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Increased VAT on solar panels and other energy saving materials

By Gabelle LLP

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Despite the “triple tax lock”, the UK will be increasing the VAT rate for energy-saving materials from next year.

To be fair, this is at the behest of the European Commission (EC) who state that supplies and installation of energy-saving materials, which are currently subject to the reduced rate of VAT in the UK, must be raised to the standard rate of 20%.  On 9 December 2015 HMRC issued a policy paper stating that the VAT rise will be effective from 1 August 2016.

This increased rate of VAT will apply to the supply (by an installer) of solar panels, wind turbines, water turbines and all energy saving materials where the cost of the goods is greater than the labour cost of installing those goods. Other installations such as wood-fuelled boilers and certain pumps can continue to benefit from the reduced rate.  In requiring the UK to make this change, the EC stated that the UK VAT legislation does not accurately reflect the overarching European VAT legislation.  In the EC Principal VAT Directive, there is no specific reduced rate for energy saving materials, the relevant provisions being the “provision, construction, renovation and alteration of housing, as part of a social policy” and the “renovation and repairing of private dwellings, excluding materials which account for a significant part of the value of the service supplied” (Annex III, paragraphs 10 and 10a).  The UK legislation (Group 2, Schedule 7A, VAT Act 1994), whilst being more specific in allowing only the installation and supply of energy-saving materials, does not contain the additional restrictions required by the European legislation, namely where the cost of the goods must be greater than the cost of the services to enable the reduced rate to apply.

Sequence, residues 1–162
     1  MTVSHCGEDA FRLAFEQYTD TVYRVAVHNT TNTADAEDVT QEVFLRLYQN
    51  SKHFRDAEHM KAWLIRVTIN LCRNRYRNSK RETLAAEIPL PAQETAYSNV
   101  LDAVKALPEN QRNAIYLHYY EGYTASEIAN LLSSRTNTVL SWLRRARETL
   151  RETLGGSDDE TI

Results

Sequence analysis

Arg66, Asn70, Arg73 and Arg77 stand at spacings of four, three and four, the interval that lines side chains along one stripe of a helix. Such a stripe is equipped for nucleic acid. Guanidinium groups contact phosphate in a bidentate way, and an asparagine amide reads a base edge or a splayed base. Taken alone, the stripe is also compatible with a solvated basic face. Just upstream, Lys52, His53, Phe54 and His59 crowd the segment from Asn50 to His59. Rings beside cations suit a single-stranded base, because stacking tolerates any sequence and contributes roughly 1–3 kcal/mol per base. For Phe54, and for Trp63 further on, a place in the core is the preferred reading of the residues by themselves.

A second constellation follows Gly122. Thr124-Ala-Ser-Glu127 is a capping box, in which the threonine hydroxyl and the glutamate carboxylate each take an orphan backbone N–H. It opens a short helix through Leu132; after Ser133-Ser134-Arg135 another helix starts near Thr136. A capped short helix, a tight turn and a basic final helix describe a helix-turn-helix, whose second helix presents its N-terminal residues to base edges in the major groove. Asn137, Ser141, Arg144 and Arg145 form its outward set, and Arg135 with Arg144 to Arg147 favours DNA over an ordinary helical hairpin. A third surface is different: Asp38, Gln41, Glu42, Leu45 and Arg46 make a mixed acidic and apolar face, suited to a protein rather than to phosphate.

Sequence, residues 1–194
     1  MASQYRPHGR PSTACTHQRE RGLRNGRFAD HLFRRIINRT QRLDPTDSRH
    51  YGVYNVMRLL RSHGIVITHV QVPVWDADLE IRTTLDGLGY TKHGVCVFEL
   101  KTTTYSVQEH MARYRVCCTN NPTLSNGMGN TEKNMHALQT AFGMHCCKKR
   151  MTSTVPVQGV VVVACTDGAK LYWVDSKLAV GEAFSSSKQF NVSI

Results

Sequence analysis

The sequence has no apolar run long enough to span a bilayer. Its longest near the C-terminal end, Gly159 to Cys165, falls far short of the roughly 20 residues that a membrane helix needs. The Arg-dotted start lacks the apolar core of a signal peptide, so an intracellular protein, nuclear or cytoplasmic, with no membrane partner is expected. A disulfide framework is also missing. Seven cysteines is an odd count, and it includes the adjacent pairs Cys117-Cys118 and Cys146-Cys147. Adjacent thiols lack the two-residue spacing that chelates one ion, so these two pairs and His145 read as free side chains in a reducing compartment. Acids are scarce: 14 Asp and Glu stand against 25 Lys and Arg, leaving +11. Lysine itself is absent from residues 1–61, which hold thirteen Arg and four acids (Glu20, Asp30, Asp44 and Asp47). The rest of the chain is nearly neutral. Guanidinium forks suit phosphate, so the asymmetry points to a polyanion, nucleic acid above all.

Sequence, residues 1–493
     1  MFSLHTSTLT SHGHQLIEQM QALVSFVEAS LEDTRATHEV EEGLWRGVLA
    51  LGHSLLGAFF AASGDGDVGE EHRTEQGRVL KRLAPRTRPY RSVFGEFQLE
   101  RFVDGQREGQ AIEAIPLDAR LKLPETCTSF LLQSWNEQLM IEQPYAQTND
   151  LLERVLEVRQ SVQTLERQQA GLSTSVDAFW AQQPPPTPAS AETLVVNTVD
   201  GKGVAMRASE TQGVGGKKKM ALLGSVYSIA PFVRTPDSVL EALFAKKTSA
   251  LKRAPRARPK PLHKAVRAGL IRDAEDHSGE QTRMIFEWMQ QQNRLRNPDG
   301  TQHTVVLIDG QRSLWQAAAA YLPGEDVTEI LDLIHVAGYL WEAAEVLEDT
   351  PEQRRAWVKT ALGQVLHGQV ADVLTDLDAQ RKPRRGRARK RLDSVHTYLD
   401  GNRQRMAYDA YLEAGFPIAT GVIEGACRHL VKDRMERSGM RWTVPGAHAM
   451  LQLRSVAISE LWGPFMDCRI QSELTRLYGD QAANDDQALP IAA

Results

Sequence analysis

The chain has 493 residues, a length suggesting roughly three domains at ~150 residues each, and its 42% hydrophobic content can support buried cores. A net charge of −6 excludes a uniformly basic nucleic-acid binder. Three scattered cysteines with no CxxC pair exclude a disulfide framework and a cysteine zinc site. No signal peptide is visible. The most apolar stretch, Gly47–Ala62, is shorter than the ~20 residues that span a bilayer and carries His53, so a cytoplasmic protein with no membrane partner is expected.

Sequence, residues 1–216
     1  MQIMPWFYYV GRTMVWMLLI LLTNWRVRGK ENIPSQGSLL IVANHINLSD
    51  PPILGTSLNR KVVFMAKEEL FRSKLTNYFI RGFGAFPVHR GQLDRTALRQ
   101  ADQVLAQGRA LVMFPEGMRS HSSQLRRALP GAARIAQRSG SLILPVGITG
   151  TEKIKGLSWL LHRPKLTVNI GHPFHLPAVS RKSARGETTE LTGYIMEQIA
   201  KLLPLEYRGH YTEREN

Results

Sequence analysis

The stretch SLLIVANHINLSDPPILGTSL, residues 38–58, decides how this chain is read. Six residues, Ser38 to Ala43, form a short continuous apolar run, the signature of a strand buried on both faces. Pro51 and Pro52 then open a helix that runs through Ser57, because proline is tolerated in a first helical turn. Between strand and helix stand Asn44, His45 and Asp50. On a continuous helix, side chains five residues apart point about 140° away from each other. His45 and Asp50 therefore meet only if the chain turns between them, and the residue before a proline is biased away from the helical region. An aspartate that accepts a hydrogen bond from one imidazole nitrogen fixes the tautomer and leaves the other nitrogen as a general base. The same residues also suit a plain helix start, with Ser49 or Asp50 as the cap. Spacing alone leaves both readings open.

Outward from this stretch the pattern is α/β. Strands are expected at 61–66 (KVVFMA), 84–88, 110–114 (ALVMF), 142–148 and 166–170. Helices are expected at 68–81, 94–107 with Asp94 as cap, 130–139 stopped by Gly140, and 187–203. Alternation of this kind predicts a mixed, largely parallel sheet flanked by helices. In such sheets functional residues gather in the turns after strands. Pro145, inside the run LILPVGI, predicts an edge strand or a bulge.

The intended changes to the UK legislation will contain some exemptions from the standard rate (such as installations for the over-60s, those on certain benefits, relevant residential buildings and relevant housing associations), though past supplies will not be affected. The changes will therefore not be straightforward and those involved in the industry should consider carefully how their future supplies will be affected.

Published December 2015